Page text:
Drunk driving study: Car interlock devices really do help
Drunk drivers receiving their first conviction were less likely to be repeat offenders if they were forced to have alcohol interlock devices on their vehicles, according to a new study.
Looking at alcohol-impaired driving convictions in Washington, the Insurance Institute for Highway Safety found that the rate of repeat offenders has fallen 12% since the state expanded its interlock requirement eight years ago to include everyone convicted of driving under the influence.
Previously, Washington required the device, which a driver must blow into before starting the vehicle, for repeat offenders, drivers caught with high blood-alcohol levels and those who refused an alcohol test.
“Drivers with previous impaired-driving convictions are overrepresented in alcohol-related fatal crashes, so deterring people from re-offending is a good first step to reduce the death toll,” said Anne McCartt, the institute’s senior vice president for research and the study’s main author.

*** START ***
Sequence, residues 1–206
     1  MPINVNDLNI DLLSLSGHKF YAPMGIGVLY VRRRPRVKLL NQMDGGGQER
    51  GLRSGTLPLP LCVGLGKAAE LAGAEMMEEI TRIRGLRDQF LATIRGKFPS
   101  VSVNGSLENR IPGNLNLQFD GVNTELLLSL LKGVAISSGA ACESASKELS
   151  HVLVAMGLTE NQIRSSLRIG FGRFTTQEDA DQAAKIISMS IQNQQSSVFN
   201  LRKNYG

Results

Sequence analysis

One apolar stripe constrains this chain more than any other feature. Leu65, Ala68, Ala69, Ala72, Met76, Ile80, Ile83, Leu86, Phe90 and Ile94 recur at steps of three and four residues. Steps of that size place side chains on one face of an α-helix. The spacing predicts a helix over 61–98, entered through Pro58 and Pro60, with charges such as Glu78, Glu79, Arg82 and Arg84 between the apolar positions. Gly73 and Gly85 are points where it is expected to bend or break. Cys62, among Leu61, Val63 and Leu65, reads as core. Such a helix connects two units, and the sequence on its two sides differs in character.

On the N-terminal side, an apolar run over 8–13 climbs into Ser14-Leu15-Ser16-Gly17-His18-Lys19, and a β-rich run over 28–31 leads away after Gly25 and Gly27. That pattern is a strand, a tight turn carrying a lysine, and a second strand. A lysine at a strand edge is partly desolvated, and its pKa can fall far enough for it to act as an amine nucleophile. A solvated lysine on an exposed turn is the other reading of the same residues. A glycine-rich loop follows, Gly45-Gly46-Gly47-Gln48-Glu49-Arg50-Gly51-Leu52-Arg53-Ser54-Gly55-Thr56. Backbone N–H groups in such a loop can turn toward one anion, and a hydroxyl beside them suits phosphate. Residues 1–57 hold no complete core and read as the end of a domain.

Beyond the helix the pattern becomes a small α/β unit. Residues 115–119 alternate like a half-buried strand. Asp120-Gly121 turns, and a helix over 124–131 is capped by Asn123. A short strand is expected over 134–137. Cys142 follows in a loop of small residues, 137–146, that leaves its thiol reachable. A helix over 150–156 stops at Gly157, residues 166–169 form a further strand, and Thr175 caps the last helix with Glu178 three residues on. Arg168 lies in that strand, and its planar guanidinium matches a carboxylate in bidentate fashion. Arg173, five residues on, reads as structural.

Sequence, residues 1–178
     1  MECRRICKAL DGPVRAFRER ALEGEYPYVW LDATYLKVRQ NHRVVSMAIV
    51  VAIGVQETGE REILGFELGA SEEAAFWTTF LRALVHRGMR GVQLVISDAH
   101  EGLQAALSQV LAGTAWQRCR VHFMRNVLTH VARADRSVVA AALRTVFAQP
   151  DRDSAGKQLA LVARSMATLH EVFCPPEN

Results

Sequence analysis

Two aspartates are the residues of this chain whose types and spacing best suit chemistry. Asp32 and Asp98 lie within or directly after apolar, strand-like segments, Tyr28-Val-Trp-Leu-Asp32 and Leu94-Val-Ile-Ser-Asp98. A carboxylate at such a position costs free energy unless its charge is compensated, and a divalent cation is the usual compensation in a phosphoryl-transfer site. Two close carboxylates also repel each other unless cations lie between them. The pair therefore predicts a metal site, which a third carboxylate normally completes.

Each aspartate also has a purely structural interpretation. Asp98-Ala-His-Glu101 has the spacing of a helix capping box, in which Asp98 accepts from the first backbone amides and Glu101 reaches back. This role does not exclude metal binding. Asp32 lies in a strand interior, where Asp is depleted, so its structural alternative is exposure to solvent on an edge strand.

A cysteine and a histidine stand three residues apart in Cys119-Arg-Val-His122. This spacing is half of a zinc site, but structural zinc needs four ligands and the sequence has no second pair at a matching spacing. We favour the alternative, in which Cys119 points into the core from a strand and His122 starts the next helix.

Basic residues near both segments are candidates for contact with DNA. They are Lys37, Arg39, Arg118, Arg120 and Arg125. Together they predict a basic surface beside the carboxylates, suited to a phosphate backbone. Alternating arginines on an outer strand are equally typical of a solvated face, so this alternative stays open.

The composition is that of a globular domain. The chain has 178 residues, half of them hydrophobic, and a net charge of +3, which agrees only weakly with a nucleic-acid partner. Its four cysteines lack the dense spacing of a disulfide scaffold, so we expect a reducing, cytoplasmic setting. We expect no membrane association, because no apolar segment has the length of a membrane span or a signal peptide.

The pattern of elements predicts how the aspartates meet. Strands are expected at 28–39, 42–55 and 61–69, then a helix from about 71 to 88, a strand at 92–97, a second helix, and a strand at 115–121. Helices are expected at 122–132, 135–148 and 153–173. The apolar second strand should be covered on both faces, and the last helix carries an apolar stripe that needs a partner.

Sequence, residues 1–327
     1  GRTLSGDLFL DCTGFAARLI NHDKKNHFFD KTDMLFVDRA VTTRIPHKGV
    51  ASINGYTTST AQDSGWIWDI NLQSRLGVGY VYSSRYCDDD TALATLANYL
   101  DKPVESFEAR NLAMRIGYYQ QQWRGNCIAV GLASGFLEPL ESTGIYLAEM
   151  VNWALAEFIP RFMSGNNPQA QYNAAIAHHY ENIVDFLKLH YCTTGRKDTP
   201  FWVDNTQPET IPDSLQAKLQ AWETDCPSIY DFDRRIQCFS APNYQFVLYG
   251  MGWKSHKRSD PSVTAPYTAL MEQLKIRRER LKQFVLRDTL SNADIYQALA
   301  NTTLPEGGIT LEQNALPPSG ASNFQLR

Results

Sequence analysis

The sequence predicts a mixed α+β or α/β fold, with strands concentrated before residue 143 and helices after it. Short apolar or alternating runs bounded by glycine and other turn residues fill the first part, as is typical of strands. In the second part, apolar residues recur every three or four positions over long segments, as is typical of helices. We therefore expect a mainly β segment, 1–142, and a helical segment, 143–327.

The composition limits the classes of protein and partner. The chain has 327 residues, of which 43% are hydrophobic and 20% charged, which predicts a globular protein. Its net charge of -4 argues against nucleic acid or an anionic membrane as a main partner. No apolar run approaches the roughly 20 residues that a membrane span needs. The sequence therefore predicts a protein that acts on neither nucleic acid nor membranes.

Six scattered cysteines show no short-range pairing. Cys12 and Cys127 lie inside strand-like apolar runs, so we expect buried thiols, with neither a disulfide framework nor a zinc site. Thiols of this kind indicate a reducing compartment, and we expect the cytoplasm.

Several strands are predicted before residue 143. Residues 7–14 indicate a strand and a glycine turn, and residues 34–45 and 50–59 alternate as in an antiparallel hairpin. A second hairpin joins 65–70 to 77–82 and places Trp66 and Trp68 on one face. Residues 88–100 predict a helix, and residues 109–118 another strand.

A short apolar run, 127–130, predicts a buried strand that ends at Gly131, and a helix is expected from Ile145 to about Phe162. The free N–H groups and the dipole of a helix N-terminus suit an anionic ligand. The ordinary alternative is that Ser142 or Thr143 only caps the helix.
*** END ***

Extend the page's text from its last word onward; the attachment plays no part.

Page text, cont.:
“As this study shows, the more offenders are covered by an interlock law, the better it works,” she said. The study was released Tuesday.
The institute is supporting federal legislation that would push states to require interlocks as a result of all impaired-driving convictions, by linking receipt of federal highway funds to such action. Opponents say the device should be used only for repeat offenders and people with alcohol levels almost double the legal limit.
Washington is one of 15 states that require everyone convicted of drunk driving to install an interlock device for some period of time if they want to drive, the insurance group said. An additional 22 states require the device for repeat offenders and those with high blood-alcohol levels.
California has a pilot program in four counties — Alameda, Los Angeles, Sacramento and Tulare — that requires first-time offenders to use the interlock device.
The institute said it believes that interlock devices present a greater obstacle to drunk driving than penalties such as a driver’s license suspension.
“It’s easier to drive illegally with a suspended license than it is to defeat an interlock,” McCartt said.
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